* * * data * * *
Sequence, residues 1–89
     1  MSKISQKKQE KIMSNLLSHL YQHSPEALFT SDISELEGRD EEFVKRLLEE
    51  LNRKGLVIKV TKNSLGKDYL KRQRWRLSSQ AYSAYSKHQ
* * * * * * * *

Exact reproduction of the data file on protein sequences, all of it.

Sequence, residues 1–89
     1  MSKISQKKQE KIMSNLLSHL YQHSPEALFT SDISELEGRD EEFVKRLLEE
    51  LNRKGLVIKV TKNSLGKDYL KRQRWRLSSQ AYSAYSKHQ